Last night, the Yankees fell to their archenemy Dallas Keuchel. The Bombers couldn’t put any together, striking out ten batters over seven inning. The southpaw worked with a sinking fastball that hovered around 90 mph. The Bombers made some noise, but they were completely outmatched.
Tonight, however, Houston starts Justin Verlander, who works with a completely different repertoire. The veteran right-hander is a power pitcher of the first order. He had a solid season with Tigers, but kicked it into another gear upon joining the Astros. Verlander pitched to a 1.06 ERA (2.69) over 34 innings in September. He also managed a strong ALDS, holding the Red Sox to a .241/.324/.414 batting line.
Believe it or not, the Yankees never saw Verlander in 2017. Somehow they missed him over the summer. That doesn’t mean the team is inexperienced against the right-hander. Eight batters, all regulars in the lineup, have faced Verlander with varying degrees of success.
Yankees batters against Justin Verlander
Constructing an optimal lineup represents the first key to beating Verlander. Joe Girardi will have some tough decisions to make regarding the designated hitter. Both Matt Holliday and Chase Headley have had success against the right-hander. Considering Headley can switch hit, combined with the fact that Holliday looked sluggish last night, then it makes sense to start Chase. Holliday may run into one, but I would take my chances with Headley.
With the lineup in tact, it makes sense to cover Verlander’s arsenal. He’s primarily a four-pitch starter, working mostly with a fourseam fastball, a curveball, a slider, and a changeup. Billed as a workhorse, Verlander maintains his high velocity deep into games.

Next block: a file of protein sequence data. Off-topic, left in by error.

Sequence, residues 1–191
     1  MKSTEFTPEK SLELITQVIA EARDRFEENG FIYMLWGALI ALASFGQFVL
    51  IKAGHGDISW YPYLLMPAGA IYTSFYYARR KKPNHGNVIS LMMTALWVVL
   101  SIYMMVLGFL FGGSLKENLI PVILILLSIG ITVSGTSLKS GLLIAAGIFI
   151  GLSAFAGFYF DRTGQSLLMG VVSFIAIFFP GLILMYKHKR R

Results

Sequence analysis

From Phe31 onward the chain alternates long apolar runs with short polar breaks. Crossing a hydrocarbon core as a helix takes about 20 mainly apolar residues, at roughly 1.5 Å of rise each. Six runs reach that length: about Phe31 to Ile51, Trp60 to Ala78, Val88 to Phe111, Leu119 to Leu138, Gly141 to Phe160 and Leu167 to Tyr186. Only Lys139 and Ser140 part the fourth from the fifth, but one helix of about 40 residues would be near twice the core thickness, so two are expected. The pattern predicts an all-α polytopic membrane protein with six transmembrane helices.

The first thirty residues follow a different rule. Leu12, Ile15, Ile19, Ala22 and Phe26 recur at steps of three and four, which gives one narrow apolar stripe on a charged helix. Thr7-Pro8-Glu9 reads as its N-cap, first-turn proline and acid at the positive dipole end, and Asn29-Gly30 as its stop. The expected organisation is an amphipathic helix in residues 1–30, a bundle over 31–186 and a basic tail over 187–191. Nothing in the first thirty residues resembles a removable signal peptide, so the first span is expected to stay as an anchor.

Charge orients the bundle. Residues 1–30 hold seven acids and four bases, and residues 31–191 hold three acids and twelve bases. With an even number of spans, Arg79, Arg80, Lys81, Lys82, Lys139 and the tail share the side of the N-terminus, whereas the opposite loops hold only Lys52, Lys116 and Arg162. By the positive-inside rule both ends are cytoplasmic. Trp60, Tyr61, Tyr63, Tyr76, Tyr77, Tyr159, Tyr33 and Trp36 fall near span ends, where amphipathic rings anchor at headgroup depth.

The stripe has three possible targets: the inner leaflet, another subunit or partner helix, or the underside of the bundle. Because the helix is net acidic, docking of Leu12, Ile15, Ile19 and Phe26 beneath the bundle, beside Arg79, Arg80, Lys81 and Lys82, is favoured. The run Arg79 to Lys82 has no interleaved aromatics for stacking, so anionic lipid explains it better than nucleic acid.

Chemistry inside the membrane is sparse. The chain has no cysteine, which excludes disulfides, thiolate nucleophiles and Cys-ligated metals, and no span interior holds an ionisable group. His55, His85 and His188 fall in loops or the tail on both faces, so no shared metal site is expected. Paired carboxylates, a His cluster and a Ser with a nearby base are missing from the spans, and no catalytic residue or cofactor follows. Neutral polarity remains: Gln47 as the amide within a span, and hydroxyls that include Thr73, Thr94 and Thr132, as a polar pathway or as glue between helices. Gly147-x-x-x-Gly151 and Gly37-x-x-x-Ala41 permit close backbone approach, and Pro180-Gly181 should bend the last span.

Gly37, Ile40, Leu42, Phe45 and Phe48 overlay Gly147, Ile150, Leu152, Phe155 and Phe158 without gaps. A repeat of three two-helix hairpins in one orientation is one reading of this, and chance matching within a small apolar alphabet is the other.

The Yankees won’t see Verlander’s stuff diminish as the innings roll on, but that doesn’t make him invulnerable. In fact, he becomes eminently more hittable the second time through the order. The Bombers should take note, particularly the left-handed batters. The batting average against Verlander grows significantly after he turns the lineup over once. Having left-handers in the lineup could let the Yankees take advantage.
Location proves another important area to check when scouting a pitcher. Verlander has his sweet spot. He loves to throw away to right-handers and in on left-handed batters. Right-handers in particular get a steady diet of tight sliders on the outside corner. As for the left-handed batters, he jams them with the fastball. That makes him such a tough at-bat. He throws hard and doesn’t give batters much to hit.
The good news here is that the lineup can, in theory, pick a spot. It would be wise to take aim at the outside part of the plate. That’s where Verlander lives. At the very least, this should be a welcome reprieve after the unpredictability of Keuchel’s repertoire. Anything that hints at stability give the Bombers a chance to catch their breath.
The Yankees had their hands full with Keuchel last night. Verlander won’t be much easier. That said, the Bombers have several players in the lineup who have had success against him. They also know to be patient and look for pitches on the outer half of the plate. Considering their early lead, getting to Verlander proves incredibly important.